Museum of Glass, Tacoma“You feel like you’re in nature,” says Sharon Linton, marketing and communications manager for Visit Bellevue Washington. “It has a tree-house feeling to it, and you can see the Bellevue skyline in the distance.” For team building in the wild, Bellevue Challenge Course & Zip Tour, in nearby Eastgate Park, has a network of ropes courses, ziplines and suspension bridges, some as high as 80 feet so you can fly through Douglas firs, cedars and broad-leaf maple trees. For a closer event venue, Bake’s Place is a livemusic spot with a large patio. Cast Iron Studios is a stunning warehouse-style venue that can hold groups up to 250, with catering provided by one of four partner restaurants. Meydenbauer Center, which offers 54,000 sq. ft. of meeting space, features a 410-seat theater.
TacomaLocated in Pierce County, on the banks of Puget Sound about 30 miles south of Seattle, Tacoma has wildness built into its name, which comes from Takhoma or Takoma, names given to Mount Rainier by the Puyallip Native American tribe.
Bellevue Botanical Garden“You’re automatically consumed by the nature around you,” says Chelene Potvin-Bird, vice president of sales and servicing for Travel Tacoma & Pierce County. “We’re right on Puget Sound; you can see Mount Rainier in the distance. Seattle is very high-volume hustle and bustle, but here you have time to see everything and you don’t have the pressure of all the people around you. You get to experience the amazing assets of our region. A large event with 1,000 people is a citywide for us, and a group of that size would have first rights to all the restaurants, attractions and entertainment right here in the city.”
Northwest Trek Wildlife, EatonvilleTacoma has 13 meeting hotels and more than 2,000 rooms, as well as 25 special-event venues. Greater Tacoma Convention & Trade Center has 119,000 sq. ft. of meeting space. Groups can get around on the Tacoma Link, the first modern electric light-rail service in the state and spend time along the Thea Foss Waterway, a mixed-use district near downtown. Event venues in this area include Foss Waterway Seaport, a maritime heritage, education and event center in a century-old wooden wheat warehouse with 55-foot ceilings. The exhibit hall holds up to 800 for receptions. For a uniquely wild experience in Tacoma, consider visiting a local glass-blowing studio, where groups can get a hands-on experience. The beautiful Museum of Glass has rental spaces that include access to the Hot Shop, a working glass studio where teams of artists create masterpieces out of molten glass. There’s a 6,900-square-foot hall, 180-seat theater and boardroom for events. Tacoma is also home to the 165,000-square-foot LeMay-America’s Car Museum, one of the nation’s largest car museums, with room for up to 2,500. There’s banquet space for 200 and a 3.5-acre lawn that is perfect for concerts and festivals.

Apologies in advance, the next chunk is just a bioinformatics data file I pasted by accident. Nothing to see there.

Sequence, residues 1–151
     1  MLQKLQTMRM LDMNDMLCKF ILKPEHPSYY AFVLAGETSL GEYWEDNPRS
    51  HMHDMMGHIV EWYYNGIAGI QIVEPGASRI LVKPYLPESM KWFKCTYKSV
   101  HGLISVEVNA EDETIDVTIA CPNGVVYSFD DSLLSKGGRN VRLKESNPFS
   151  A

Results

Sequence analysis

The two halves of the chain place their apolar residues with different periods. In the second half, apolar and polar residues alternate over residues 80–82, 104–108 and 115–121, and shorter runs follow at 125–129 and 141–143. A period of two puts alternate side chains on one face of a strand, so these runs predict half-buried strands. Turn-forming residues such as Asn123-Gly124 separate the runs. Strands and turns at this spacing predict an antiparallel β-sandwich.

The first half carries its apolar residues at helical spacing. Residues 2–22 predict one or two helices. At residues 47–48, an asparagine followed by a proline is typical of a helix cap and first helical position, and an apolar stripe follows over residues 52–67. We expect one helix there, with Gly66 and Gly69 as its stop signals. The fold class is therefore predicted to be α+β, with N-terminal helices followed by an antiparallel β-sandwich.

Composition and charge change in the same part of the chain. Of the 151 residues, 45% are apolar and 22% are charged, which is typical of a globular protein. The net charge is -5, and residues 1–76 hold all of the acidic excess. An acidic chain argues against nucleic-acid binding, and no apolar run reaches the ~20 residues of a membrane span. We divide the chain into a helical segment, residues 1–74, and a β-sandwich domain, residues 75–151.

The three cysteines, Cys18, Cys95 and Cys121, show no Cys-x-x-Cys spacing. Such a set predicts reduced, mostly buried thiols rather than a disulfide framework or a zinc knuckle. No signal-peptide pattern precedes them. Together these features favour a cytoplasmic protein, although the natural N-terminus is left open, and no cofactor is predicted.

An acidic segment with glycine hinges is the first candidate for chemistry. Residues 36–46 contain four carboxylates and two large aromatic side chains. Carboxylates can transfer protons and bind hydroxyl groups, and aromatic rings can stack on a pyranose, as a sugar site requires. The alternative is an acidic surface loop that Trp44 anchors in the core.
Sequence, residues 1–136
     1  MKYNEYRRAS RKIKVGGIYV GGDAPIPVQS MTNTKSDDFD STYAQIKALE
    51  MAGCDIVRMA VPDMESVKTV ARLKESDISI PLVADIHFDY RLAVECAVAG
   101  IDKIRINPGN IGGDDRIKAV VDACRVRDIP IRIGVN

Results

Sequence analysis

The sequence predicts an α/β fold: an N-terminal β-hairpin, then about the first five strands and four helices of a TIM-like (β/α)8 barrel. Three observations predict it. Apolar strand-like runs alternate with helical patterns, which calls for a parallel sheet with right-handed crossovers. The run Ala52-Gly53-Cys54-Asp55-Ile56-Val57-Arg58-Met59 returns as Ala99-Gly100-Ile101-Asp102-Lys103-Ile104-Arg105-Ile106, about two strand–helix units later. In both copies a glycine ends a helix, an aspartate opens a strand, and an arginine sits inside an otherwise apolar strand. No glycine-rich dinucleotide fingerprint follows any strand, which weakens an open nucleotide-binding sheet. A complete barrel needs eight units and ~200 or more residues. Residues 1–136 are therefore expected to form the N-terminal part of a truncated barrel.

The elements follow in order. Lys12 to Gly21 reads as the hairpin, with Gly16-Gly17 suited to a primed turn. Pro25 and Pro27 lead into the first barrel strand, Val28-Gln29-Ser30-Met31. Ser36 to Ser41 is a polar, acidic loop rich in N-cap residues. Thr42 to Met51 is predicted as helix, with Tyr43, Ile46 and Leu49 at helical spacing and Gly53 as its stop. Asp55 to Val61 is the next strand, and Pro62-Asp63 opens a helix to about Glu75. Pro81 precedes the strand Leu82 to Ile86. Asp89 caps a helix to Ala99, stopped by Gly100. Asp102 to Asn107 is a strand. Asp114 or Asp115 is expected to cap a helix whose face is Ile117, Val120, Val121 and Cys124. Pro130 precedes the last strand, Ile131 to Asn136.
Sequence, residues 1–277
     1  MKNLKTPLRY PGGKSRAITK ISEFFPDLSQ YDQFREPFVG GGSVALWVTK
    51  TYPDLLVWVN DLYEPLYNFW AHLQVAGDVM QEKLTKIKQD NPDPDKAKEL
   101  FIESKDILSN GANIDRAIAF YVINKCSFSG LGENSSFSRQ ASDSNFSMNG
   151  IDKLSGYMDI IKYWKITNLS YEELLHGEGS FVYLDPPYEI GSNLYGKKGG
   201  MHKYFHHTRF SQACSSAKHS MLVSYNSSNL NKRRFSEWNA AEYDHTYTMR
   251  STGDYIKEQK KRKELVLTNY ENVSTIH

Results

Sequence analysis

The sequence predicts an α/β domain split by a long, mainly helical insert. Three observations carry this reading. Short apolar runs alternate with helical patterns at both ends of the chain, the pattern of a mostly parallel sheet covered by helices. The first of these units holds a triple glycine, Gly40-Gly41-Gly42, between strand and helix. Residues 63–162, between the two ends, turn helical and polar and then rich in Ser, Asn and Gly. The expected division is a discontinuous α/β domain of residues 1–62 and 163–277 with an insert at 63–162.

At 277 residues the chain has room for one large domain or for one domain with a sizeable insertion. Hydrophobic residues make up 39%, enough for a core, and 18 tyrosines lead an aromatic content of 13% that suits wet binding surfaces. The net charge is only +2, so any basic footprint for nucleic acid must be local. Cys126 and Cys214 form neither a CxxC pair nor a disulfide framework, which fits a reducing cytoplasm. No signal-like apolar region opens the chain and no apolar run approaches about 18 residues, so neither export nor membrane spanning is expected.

Arbor Crest Wine Cellars, Spokane“They’ve got amazing venue space and thousands of collector vehicles,” Potvin-Bird says. “Whether they are car enthusiasts or not, people just love it.” Another popular local venue is Point Defiance Zoo and Aquarium, the only combined zoo and aquarium in the Northwest. Pacific Rim Plaza has views of Mount Rainier and Puget Sound. “You might have one group go out kayaking, while another heads over to the glass-blowing facilities to create artwork they get to take home with them, and another goes to the zoo and aquarium,” Potvin-Bird says. In nearby Eatonville, Northwest Trek Wildlife Park operates a 50-minute, naturalist-led tram tour that goes through 435 acres of forests and meadows where visitors can see moose, bison, elk and other animals native to the region. Meeting facilities here include the Hellyer Center, which can seat up to 76 people theater-style; the picnic pavilion has an open meadow for groups of up to 500. Tacoma is also the closest large city to Mount Rainier National Park (about 60 miles away), and a group outing to this famous 14,411-foot peak could include a gondola ride, snowshoeing and skiing in the winter, or hiking and biking in the summer. “If a group wants to get creative, there are opportunities for voluntourism, where they can clean up trails, clear brush, or build fences that protect animals from going down into the roads,” Potvin-Bird says.